There are more and more indications that socialist Venezuela is unraveling. For example, on August 6, the Coast Guard of neighboring Curacao arrested 20 Venezuelans who were seeking to reach the island on rafts. Curacao in an independent island nation that is a former colony of the Netherlands. The rafts were detected by radar at six miles from shore, thus making officials suspicious. The Coast Guard discovered twenty Venezuelans and one Colombian on board.
Venezuela, which was once considered the richest country in Latin America, has been on a downward spiral ever since the days of former President Hugo Chavez. A former military officer, Chavez set out on an anti-American course more than a decade ago while seeking closer ties to Russia and Iran. His successor, Nicolas Maduro, has proved to be inept at handling the economy. Stores have been emptied of goods, and Venezuelans have no money to buy, while manufacturers cannot obtain the materials needed for producing food, medicine, and other consumables. Venezuela currently has the highest inflation rate in the world, and some of the lowest wages in the region.
This is not the first instance of Venezuelans seeking to leave the country illegally. For example, a Venezuelan was caught on a raft this year seeking to reach Aruba. And on June 29 of last year, three Venezuelan students illegally entered Trinidad and Tobago by raft. Curacao’s government announced in May that it is unprepared to receive Venezuelans should thousands come in a mass migration. 
President Maduro’s approval rating has dropped to nearly 10 percent, according to the Keller polling organization. His rating now stands at 11.6 percent. In addition, 83 percent of those polled said they would vote to revoke his power if they could. The vast majority of Venezuelans (88%) believe the economic crisis has worsened significantly. They are suffering from shortages of basic items, such as food, medicine, and toiletries. In addition, 94 percent believe that Venezuela’s military is incapable of handling food distribution.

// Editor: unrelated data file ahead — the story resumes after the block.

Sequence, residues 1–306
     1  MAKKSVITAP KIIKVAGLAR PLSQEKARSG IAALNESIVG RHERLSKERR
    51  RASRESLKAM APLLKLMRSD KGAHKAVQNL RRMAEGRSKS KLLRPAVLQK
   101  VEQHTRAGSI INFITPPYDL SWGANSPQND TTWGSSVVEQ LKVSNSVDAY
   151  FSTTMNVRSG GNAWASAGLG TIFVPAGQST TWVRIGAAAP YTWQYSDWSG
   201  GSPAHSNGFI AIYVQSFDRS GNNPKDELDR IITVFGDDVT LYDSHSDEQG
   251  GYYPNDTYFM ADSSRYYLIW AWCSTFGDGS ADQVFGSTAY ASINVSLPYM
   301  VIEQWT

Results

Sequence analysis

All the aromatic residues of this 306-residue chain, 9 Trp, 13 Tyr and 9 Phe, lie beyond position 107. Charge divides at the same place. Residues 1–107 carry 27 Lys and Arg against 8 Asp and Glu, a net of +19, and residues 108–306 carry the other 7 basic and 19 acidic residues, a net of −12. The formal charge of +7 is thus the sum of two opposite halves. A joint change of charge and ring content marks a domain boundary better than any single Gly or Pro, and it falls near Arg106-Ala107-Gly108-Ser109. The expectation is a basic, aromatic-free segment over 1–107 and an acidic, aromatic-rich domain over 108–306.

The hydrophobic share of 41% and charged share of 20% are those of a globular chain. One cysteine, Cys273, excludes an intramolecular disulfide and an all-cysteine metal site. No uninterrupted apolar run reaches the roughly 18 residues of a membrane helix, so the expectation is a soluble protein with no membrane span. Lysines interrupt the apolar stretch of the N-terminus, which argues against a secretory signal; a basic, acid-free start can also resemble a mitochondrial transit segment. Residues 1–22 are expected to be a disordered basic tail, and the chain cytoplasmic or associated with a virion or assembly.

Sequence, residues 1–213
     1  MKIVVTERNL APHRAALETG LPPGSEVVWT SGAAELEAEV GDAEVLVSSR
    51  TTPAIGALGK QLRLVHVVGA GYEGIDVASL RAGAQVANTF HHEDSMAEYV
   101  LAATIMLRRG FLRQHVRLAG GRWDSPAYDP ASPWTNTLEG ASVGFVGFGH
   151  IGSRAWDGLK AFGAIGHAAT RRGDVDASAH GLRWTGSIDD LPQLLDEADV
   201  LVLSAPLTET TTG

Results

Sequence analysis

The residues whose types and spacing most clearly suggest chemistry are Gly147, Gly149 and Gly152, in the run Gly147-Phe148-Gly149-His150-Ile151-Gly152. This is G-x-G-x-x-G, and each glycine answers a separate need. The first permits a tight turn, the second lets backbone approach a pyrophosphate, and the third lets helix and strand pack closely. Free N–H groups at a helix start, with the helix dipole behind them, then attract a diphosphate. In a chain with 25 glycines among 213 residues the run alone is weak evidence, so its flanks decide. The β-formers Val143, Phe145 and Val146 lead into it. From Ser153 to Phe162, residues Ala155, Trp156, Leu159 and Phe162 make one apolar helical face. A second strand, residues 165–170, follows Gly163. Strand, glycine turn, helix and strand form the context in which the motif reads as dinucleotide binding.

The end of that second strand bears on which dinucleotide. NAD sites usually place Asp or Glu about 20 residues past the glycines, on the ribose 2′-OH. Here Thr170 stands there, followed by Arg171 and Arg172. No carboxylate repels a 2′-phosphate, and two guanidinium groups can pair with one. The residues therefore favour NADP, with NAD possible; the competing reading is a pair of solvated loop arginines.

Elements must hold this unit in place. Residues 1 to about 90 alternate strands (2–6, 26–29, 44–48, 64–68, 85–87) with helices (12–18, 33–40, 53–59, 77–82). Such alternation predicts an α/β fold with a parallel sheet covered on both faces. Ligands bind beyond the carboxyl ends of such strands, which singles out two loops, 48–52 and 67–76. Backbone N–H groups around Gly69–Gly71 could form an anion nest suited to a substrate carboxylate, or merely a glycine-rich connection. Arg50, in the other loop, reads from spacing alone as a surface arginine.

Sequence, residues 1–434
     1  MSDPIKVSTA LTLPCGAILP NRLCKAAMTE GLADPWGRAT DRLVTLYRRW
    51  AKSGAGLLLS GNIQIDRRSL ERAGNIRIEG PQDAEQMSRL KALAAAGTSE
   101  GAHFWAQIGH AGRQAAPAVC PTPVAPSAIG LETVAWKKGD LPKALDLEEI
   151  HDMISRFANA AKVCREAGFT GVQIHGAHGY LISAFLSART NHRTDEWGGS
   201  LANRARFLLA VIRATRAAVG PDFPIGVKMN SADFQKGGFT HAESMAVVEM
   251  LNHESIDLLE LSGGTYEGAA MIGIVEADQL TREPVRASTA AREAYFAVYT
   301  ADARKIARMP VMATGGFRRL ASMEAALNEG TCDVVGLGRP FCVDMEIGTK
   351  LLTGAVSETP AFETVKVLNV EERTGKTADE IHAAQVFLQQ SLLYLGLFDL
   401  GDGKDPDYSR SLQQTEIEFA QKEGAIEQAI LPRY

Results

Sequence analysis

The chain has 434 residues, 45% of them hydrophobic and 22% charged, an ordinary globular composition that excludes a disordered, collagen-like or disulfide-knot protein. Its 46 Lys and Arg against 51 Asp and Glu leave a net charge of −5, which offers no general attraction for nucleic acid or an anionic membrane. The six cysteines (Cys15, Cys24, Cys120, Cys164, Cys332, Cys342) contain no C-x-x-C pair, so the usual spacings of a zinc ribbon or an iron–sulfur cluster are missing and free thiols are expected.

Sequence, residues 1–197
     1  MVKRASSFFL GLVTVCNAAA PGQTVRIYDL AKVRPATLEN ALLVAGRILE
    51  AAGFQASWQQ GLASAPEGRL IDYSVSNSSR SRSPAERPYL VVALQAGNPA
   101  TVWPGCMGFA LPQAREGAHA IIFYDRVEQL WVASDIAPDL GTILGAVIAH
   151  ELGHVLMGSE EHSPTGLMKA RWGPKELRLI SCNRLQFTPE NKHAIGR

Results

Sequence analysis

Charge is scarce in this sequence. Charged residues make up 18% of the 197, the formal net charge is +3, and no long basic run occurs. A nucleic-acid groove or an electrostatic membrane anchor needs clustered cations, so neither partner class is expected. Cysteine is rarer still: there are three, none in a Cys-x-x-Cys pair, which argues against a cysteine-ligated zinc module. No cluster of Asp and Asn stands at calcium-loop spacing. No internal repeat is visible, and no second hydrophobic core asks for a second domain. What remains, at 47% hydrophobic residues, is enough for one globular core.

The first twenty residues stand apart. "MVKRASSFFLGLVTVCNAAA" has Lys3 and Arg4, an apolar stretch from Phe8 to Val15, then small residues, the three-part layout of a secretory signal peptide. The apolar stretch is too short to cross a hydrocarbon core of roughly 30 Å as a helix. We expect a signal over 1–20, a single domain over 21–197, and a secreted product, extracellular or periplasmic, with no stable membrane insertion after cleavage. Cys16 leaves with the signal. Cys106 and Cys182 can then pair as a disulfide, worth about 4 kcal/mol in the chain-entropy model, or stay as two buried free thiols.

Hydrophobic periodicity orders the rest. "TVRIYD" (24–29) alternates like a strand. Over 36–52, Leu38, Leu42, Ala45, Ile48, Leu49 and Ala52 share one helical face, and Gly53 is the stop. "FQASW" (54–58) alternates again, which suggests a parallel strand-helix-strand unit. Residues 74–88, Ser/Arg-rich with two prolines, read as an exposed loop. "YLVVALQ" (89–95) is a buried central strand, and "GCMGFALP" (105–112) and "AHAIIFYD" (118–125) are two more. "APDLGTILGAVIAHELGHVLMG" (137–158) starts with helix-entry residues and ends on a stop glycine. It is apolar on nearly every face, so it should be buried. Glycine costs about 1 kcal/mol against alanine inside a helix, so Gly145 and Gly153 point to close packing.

Feeling this pressure, Maduro appointed General Nestor Reverol to Minister of Interior and Justice. Former Minister of Defense Fernando Ochoa Antich told local media that Reverol’s appointment is “reckless, irresponsible and unusual.”
The month of July marked the most murderous month in Venezuela for the last two years, according to the Forensics Laboratory of Caracas, which reported 535 violent deaths. According to the Venezuelan Institute of Journalists, there are approximately 17 murders every day.  The body count reached 500 in June, according to the journalists’ organization. One tweet read, “During the weekend, the Caracas morgue received 43 corpses.” 
Caracas, the nation’s capital, has thus become the most dangerous city in the world, beating San Pedro Sula, Honduras, which won the distinction in 2015. According to a Mexican non-governmental organization -- the Citizen Council for Public Safety -- Caracas has a rate of 119 homicides per 100,000 inhabitants a year, compared to 111 in the Honduran city. In 2005, President Chavez forbade the publishing of crime figures in Venezuela. They were then only available in a weekly newsletter distributed by the national judicial police. Chavez called the media “liars” who only seek to heighten a “sense of insecurity” in Venezuela.
At one time, celebrities such as actor Sean Penn and director Oliver Stone praised the Chavez government and the so-called Bolivarian Revolution for allegedly bringing about social justice in Venezuela. Dependent on oil for declining foreign revenue while indulging in socialist schemes and huge arms purchases, Venezuela has significantly declined over the last decade and shows little sign of reversing course.



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Spero News writer Martin Barillas is a former US diplomat, who also worked as a democracy advocate and election observer in Latin America. His first novel 'Shaken Earth', is available at Amazon.

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